Versus zerg, it is an extremely difficult decision. You want to retreat while your army is only slightly stronger than the zergs. If the zerg's army is at all stronger than yours, they will surround you and you will be unable to retreat. If you retreat too early, then it is likely that one is too far behind in economy. One cannot afford to lose one's whole army against zerg. They will then get too far ahead in economy and the game will be an uphill fight.
Step 6: What to Do After the 4gate
This depends on the match-up
Versus protoss, one should do what one's opponent is doing. If the opponent is expanding, expand. If the opponent is teching, tech. If the opponent is counter attacking, amass gateway units at one's base. One must be avid with scouting at this part of the game. Unless one killed 5 or more probes, one is likely to be very far behind in economy. One must play on the basis that they are a better player and give the opponent room to make a mistake. If the tech route is chosen, the tech one choses depends on personal preference.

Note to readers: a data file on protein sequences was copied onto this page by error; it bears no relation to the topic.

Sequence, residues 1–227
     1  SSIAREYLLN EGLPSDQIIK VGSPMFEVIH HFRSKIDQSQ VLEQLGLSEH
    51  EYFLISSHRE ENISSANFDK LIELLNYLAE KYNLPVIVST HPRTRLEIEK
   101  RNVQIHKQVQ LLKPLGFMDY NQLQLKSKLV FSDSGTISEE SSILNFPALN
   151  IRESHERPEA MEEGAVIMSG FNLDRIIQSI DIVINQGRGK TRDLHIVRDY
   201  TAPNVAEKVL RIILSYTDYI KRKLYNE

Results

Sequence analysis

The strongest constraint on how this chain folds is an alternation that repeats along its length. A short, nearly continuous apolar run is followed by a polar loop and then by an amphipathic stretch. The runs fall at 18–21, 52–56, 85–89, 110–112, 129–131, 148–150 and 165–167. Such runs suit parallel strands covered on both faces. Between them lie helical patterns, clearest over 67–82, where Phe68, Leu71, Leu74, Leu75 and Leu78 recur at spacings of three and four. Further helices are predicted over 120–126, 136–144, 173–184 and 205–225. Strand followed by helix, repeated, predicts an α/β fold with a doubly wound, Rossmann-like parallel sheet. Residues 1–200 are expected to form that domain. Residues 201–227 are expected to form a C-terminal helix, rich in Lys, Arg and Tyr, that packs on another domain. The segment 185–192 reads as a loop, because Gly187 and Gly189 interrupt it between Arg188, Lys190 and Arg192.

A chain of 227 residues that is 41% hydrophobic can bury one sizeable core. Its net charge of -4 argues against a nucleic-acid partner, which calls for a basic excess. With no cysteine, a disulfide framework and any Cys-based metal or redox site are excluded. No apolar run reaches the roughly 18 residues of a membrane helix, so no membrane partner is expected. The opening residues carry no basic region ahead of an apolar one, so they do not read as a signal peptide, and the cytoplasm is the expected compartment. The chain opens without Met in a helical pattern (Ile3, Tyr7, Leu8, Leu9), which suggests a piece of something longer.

Versus terran, one should perform a sentry contain at the base of the terran's ramp in order to delay an expansion for as long as possible. One should take one's own expansion during this contain. Once the terran gets out medivacs, one should retreat immediately. Knowing when medivacs are out is a 6th sense, there's no real knowing when they will be out. If they drop behind one and one has not retreated, one will lose their whole army. If one retreats too soon, the terran will be given a lot more room than one should be comfortable with.